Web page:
Since Joseph Warren may well have been the person for whom Warren Street was named, a little biographical information about him is in order. He was born in Roxbury, Massachusetts, in 1741, and graduated from Harvard College in 1759. After teaching for a year at the Latin School, he studied medicine and opened a practice in Boston in 1764.
Warren got involved with the revolutionary cause in 1767, when he wrote a series of articles for the Boston Gazette, under the pseudonym "A True Patriot," reacting to the passage of the Townshend Acts. After the Boston Massacre in 1770, he became the chairman of the Committee of Safety and delivered famous orations on the first and second anniversaries of that event.
In 1774, when Samuel Adams was in Philadelphia at the first Continental Congress, Warren took over for him in Boston, raising militias and procuring arms and powder. On April 18, 1775, it was Warren who directed Paul Revere and William Dawes to raise the alarm about British troop movement. After the Battles of Lexington and Concord, Warren worked to ready the militia for future battles, and on June 14, 1775, he was elected second general in command of the Massachusetts forces.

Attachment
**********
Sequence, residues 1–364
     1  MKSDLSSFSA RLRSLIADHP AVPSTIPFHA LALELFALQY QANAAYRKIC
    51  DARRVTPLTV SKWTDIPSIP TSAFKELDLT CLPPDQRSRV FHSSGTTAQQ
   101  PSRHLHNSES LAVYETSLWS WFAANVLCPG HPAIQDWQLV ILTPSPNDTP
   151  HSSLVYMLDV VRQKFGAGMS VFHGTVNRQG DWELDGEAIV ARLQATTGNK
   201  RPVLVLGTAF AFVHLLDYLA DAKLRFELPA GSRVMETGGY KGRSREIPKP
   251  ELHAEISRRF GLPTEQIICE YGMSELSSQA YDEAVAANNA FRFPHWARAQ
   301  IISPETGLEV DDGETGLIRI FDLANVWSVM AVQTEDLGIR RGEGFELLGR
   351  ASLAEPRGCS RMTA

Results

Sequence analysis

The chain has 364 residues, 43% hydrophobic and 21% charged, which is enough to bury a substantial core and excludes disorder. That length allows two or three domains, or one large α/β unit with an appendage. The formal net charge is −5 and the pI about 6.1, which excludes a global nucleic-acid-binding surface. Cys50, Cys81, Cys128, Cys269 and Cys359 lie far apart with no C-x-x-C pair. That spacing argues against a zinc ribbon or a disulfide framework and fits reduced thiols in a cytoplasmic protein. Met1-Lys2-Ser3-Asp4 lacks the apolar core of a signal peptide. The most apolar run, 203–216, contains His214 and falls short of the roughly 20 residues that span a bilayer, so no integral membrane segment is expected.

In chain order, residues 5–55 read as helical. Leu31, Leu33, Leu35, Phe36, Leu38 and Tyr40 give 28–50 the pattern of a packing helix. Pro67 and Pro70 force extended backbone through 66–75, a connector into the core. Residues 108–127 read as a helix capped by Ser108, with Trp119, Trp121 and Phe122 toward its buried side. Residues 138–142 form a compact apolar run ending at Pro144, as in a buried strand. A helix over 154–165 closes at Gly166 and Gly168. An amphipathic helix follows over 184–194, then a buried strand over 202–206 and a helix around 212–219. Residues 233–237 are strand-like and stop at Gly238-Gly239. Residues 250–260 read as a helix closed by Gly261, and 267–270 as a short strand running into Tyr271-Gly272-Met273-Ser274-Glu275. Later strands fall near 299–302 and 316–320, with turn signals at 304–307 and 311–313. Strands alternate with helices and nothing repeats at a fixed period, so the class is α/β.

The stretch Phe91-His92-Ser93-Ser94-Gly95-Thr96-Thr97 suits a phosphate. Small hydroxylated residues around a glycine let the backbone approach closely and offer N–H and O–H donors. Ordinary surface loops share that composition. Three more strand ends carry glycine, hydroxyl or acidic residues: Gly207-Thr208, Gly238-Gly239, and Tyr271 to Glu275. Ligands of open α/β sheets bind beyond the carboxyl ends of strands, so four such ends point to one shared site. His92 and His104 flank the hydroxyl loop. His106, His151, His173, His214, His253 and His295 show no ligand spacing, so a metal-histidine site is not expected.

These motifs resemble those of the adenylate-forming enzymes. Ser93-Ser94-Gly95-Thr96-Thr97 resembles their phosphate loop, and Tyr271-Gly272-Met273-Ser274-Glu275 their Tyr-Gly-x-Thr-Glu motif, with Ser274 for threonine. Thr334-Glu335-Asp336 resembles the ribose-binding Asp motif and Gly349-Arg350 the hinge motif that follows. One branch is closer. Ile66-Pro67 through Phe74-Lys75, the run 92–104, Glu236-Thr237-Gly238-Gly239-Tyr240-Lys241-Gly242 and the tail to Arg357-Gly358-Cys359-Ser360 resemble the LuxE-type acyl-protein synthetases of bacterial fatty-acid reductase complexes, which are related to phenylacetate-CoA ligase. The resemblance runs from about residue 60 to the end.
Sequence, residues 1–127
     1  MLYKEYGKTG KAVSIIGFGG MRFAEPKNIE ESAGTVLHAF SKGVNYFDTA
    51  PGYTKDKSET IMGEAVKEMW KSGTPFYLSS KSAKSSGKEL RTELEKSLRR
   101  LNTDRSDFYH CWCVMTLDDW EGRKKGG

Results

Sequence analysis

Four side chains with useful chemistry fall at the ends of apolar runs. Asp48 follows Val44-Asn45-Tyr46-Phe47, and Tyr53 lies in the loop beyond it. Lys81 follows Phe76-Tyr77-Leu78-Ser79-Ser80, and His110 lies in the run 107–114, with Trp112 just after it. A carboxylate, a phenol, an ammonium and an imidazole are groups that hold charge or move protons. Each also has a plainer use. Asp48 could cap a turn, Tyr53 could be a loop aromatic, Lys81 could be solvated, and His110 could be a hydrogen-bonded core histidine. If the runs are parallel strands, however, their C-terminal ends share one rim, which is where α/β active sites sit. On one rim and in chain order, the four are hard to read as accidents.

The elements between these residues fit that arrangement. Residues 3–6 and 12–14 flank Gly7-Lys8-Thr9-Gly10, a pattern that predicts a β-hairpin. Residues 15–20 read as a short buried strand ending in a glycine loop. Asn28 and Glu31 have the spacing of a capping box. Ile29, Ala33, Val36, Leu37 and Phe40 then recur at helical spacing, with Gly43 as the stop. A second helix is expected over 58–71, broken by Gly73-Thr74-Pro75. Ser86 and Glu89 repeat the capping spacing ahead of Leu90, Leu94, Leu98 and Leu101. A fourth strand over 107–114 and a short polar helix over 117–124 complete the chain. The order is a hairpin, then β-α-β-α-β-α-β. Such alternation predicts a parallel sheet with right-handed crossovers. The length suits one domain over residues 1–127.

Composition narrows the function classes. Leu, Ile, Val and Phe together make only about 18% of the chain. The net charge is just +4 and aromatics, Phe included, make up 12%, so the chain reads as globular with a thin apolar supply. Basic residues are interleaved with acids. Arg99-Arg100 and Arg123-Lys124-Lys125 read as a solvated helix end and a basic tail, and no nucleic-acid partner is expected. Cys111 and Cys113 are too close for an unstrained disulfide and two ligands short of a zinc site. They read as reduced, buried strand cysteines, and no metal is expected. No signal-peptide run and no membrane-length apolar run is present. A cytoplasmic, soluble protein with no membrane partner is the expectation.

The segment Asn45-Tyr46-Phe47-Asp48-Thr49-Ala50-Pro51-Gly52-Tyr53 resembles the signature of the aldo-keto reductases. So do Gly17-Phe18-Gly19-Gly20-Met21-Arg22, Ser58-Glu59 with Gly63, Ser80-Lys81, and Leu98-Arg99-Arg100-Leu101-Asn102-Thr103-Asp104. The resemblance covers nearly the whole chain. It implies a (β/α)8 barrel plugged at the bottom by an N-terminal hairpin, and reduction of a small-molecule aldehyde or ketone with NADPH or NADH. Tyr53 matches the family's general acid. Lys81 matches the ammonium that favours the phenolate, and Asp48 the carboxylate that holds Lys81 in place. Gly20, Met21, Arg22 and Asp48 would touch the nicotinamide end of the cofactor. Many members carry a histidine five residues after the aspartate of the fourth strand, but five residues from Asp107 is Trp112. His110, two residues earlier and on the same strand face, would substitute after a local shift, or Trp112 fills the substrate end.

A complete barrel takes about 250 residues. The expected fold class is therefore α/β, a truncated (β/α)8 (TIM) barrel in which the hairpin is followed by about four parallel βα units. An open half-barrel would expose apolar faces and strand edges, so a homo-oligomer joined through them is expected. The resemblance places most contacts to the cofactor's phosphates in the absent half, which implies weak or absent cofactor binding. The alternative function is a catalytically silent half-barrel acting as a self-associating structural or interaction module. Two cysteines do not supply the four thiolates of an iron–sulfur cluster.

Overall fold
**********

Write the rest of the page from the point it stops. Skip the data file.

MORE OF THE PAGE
Three days after Warren was made a general, British forces landed at Charlestown, and Warren rode to Breed's Hill, where patriot troops were encamped to defend Boston. Warren refused to take command but instead volunteered to go into the line. In the final assault by the British, Warren was struck in the head by a musket ball while trying to rally the militia and died instantly--just six days after his thirty-fourth birthday.
The Boston National Historical Park website calls Joseph Warren "the hero of Bunker Hill" and goes on to say that "by dying on that hill that June day in 1775, he became the embodiment of the young nation's sacrifice." His death was immortalized in this painting by John Trumbull.
Every New England state has a town named Warren, but curiously they are not all named in honor of Joseph Warren. Warren, New Hampshire, and Warren, Rhode Island, were named for Sir Peter Warren, a British naval officer who commanded the attack on the French fortress of Louisbourg in Nova Scotia in 1745. Still, it is not out of the question that a city in New York, with strong ties to New England, might name its main street after an early hero of the Revolutionary War, but so far that's only conjecture.